Difference Between Rubber and Plastic

Key Difference – Rubber vs Plastic

Rubber and plastic are both made of polymerized material though there are remarkable differences between their physical and chemical properties. The key difference between Rubber and Plastics is that the Rubber is a polymerized product of isoprene whereas Plastic is  made of many synthetic and semi-synthetic organic polymer compounds. Many varieties of products are manufactured using rubber and plastic depending on their characteristic nature.

What is Rubber?

Rubber is a natural product, mainly harvested in the form of latex obtained from the rubber tree, Hevea brasiliensis which is indigenous to South America. However, at present, many varieties of rubber trees are used to harvest latex, and South Asia is considered a main producer. The latex is very sticky and milky and is collected into vessels through a process called ‘tapping’. After this, the collected latex is sent for commercial processing. Here, the rubber is processed into high-grade block rubber or sheet-grade rubber.

Chemically, rubber is made of a polymer of an organic compound called ‘isoprene,’ which is a five-carbon constitute with a very high final molecular weight due to the process of polymerization. Natural rubber is often ‘vulcanized’, where it is heated with sulphur in order to improve resistance and elasticity. This was introduced by Charles Goodyear in 1839. High level of elasticity is a unique property  of rubber and among the most common applications of Rubber are; hoses, belts, floorings, dampeners, pencil erasers, tyres, toys, gloves, bands, etc.

rubber vs plastic

What is Plastic?                                                                                       

The word ‘plastic’ is derived from the Greek word ‘plastikos’ which means “capable of being moulded”. Plastics are made of a wide range of synthetic and semi-synthetic polymer material and have been extensively used in industrial manufacturing of products and processes. Generally, plastic is unable to deform without breaking and also impervious to water. Due to their malleable nature, plastics can be easily moulded into various shapes.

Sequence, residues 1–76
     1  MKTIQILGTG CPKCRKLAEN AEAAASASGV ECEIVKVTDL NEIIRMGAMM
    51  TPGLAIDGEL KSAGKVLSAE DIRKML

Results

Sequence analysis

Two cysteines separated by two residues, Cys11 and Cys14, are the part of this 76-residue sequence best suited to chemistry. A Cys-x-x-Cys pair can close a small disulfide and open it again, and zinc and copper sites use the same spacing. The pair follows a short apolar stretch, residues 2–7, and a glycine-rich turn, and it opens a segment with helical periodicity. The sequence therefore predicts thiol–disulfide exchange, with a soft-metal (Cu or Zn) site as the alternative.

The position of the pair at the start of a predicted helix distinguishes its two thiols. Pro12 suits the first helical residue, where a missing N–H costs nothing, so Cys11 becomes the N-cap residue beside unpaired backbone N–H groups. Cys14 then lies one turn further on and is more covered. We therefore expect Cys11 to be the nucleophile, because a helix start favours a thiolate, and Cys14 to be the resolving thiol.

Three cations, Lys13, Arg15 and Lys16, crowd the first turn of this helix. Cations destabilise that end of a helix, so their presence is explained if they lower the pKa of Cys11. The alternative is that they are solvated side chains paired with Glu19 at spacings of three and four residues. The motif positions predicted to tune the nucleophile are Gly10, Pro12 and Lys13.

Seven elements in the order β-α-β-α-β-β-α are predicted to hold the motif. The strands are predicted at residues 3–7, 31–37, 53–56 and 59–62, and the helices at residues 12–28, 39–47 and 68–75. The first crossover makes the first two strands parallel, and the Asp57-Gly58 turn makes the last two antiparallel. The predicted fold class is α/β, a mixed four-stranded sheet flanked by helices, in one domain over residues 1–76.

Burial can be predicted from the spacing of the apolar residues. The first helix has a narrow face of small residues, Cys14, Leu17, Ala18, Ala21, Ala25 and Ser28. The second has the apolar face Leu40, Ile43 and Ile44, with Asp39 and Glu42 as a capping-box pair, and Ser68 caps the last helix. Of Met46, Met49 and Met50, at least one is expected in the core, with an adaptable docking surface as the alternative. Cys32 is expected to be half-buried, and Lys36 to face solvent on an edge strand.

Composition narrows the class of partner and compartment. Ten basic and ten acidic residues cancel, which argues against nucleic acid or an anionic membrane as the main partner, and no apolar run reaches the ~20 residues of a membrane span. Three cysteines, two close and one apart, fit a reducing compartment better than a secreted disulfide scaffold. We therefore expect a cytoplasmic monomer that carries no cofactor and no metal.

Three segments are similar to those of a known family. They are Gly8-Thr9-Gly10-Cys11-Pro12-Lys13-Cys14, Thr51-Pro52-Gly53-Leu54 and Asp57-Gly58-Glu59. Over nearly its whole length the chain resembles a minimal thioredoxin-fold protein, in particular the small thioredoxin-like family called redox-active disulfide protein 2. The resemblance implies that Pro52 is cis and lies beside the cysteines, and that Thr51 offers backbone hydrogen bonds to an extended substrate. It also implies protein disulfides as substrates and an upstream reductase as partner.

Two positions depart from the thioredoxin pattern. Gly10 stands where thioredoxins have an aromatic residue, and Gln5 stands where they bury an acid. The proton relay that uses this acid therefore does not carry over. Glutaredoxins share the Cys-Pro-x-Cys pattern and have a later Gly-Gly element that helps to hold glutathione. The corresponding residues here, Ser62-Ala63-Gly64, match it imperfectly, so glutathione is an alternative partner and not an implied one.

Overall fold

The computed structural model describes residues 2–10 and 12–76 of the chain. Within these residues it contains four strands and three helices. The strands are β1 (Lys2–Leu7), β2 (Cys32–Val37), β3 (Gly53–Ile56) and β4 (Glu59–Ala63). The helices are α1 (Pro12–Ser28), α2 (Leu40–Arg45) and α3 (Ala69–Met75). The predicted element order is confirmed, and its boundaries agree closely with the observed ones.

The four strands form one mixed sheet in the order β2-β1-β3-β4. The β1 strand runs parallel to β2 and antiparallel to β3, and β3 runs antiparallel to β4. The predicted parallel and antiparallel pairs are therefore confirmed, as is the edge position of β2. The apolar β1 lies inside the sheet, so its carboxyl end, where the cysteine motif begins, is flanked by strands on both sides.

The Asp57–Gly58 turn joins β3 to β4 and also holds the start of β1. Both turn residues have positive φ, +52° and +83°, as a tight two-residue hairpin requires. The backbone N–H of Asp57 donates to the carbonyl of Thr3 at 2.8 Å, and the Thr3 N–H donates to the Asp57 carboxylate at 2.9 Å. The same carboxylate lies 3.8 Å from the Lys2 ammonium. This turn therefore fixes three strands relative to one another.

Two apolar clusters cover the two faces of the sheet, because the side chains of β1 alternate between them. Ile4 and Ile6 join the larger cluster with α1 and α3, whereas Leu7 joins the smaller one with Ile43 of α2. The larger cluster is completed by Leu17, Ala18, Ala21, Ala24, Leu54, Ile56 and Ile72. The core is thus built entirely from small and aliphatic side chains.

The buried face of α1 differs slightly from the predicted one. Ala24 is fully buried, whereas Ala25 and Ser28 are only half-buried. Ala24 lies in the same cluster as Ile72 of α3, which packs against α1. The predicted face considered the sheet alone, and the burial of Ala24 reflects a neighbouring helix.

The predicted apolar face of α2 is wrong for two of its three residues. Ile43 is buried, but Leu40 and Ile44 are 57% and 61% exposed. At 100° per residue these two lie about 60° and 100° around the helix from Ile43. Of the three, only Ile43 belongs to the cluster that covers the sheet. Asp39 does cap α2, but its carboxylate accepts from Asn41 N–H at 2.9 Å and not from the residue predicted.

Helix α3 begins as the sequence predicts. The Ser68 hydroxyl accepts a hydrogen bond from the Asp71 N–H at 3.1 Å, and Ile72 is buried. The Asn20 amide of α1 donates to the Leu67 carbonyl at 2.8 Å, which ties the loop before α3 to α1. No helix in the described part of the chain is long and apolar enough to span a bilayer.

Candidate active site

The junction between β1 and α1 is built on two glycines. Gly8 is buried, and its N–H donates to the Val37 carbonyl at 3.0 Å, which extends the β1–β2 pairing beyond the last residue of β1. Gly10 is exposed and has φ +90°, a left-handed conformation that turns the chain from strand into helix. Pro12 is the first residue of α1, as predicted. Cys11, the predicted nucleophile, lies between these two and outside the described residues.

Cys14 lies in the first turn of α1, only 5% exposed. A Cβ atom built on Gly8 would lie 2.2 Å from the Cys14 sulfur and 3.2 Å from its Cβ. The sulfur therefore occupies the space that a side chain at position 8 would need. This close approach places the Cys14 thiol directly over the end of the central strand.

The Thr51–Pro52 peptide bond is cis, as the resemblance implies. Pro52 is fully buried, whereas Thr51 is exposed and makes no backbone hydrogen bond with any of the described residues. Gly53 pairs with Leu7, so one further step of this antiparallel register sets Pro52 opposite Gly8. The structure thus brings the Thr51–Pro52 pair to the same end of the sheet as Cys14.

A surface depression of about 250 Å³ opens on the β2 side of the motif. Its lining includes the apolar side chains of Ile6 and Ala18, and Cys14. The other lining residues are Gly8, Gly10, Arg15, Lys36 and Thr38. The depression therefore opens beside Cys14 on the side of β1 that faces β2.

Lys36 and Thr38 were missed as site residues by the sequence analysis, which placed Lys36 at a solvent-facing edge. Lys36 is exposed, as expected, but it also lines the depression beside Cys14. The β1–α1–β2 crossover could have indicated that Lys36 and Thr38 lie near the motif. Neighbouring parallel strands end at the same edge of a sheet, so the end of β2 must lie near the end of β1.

Plastics can be divided into groups under different methods of classification. Depending on the chemical structure and the side chains, they can be grouped as acrylics, polyesters, polyurethanes, silicones, and halogenated plastics. They can also be divided into different groups depending on the process of synthesis. Plastics also fall into two main categories according to their tolerance and behaviour under the temperature. The two types are thermoplastics and thermosetting polymers. When thermoplastics are heated, they undergo a chemical change and can be moulded over and over again while thermosets melt and take shape irreversibly. The first plastic which was based on a complete synthetic polymer was Bakelite. To-date, most plastics are produced from petrochemicals. However, due to rising environmental concerns, renewable plant materials such as cellulose and starch are used to produce bioplastics. Plastics have been able to replace many other materials namely; wood, stone, leather, glass, metal, etc.

difference between rubber nad plastic

What are the Differences Between Rubber and Plastic?

Definition of Rubber and Plastic

Rubber: Rubber is a polymerized product of isoprene

Plastic: Plastics are made of many synthetic and semi-synthetic organic polymer compounds.

Characteristics of Rubber and Plastic


Rubber: Rubber is a substance which is highly elastic and can be made harder and more resistant via vulcanization.

Plastic: Plastic is a material which can be moulded into different shapes due to their malleable nature and are hard and water resistant.


Rubber: Even though synthetic rubber exists, most of the rubber used today has a natural origin

Plastics: Plastics are mainly derived from petrochemicals and has a synthetic nature.


Image Courtesy:
“Plastic beads1″. Licensed under (CC BY 2.5) via Wikimedia Commons 
 “Rubber bands – Colors – Studio photo 2011″ by Bill Ebbesen – Own work (CC BY-SA 3.0) via Wikimedia Commons